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The next step for Hanes and Lowrance middle school students

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WINSTON-SALEM, N.C. -- With a decision made about the remainder of the school year for Hanes and Lowrance middle school students, parents are shifting their focus back from health concerns to education.

"They're going to spend most of their times with moving desks and teachers getting situated. I don't think the rest of the year will be very productive at all," said Ernest Marlette, who has twin eighth graders at Hanes.

The plan is for Hanes sixth graders to go to Smith Farm Elementary. Hanes seventh and eighth graders will be moved to former Hill Middle School. Lowrance students will be finishing the school year at Atkins High School.

This move will be made on March 2.

"Our goal right now is to focus solely on; how can we make this transition for students as smooth as possible? We want to make it the least disruptive experience that we can for students," said Theo Helm, chief of staff for Winston-Salem/Forsyth County Schools.

Helm says the transition is already underway. They have begun renovations at Hill Middle School and are in the process of hiring a moving company to move equipment in an effort to ready the future learning spaces.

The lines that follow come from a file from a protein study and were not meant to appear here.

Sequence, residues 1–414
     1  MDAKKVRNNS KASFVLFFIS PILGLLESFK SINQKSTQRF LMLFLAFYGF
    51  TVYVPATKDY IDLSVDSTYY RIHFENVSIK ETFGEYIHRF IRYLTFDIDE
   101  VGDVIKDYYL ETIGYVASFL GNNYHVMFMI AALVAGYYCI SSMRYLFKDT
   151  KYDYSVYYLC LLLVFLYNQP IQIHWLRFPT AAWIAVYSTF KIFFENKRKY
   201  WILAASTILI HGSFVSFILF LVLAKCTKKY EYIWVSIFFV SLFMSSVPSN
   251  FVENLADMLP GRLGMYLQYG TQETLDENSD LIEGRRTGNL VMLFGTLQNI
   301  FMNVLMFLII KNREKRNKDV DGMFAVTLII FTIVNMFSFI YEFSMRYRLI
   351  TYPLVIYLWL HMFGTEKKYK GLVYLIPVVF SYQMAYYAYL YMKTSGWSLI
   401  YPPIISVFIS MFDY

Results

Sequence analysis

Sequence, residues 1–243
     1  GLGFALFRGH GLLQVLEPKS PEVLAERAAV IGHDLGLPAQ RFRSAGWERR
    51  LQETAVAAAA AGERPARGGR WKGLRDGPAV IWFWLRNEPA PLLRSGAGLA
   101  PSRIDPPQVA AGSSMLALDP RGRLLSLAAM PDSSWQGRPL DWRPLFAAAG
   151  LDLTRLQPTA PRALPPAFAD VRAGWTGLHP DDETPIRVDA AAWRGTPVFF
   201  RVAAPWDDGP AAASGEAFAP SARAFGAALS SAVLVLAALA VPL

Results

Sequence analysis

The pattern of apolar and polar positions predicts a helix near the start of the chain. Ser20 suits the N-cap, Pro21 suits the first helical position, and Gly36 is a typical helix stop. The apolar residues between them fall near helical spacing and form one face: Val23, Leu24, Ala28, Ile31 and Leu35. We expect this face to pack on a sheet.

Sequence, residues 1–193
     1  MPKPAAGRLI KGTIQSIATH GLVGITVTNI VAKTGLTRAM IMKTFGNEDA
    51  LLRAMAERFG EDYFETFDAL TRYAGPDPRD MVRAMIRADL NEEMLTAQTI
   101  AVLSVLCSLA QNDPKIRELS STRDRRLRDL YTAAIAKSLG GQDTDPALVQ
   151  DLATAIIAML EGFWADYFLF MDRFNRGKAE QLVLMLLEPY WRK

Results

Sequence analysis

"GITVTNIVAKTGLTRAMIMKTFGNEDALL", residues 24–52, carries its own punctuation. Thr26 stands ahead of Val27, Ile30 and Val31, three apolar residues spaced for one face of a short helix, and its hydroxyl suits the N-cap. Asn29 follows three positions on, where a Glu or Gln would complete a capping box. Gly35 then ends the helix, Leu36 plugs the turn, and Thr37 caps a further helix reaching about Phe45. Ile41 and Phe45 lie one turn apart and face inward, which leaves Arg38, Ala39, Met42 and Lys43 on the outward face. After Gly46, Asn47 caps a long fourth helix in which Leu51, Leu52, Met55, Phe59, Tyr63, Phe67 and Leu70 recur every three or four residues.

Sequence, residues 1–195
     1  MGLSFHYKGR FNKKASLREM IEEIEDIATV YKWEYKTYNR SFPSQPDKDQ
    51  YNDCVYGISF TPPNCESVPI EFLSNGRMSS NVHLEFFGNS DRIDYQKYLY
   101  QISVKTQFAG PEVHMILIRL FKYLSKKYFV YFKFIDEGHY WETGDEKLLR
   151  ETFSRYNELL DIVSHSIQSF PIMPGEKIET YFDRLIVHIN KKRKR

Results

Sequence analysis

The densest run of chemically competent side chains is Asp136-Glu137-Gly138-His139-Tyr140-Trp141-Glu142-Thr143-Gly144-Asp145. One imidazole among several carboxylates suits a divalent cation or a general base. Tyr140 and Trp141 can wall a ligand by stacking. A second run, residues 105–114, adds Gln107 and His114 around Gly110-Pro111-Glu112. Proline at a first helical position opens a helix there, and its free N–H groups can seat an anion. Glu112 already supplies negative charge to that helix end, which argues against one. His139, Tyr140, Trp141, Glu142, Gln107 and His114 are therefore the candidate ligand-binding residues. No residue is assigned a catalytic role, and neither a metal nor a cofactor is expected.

"The location may be different, but there are so many things about it that will be the same," Helm said. "They're going to have the same teachers, they're going to have the same classes and they’re going to have the same people in those classes."

"What are they going to do for next year? What is the plan," asked Misty Austin, who has a daughter in the seventh grade at Hanes.

"We want to, in the next year, get Hanes all on one campus together," Helm said.

One option would be to move all of the Hanes grades to Hill Middle School next year; with added learning spaces.

"One option could be, you add a pod there, add mobile classrooms there, which a lot of our schools have," Helm said.

"I think that would be feasible, because all the grades need to be together," said Austin.

They are also continuing the plan for a new school for Lowrance, which was the topic that brought the contaminated grounds to the forefront in the first place.

In the meantime, they are continuing the testing which was ordered prior to this decision being made. Those results will play a large factor in determining the next step.

The students will remain at the current schools through the last week of February. The major move to the other schools will be made that weekend.

As of now, Helm said the estimated cost of the move is somewhere between $2 and $3 million.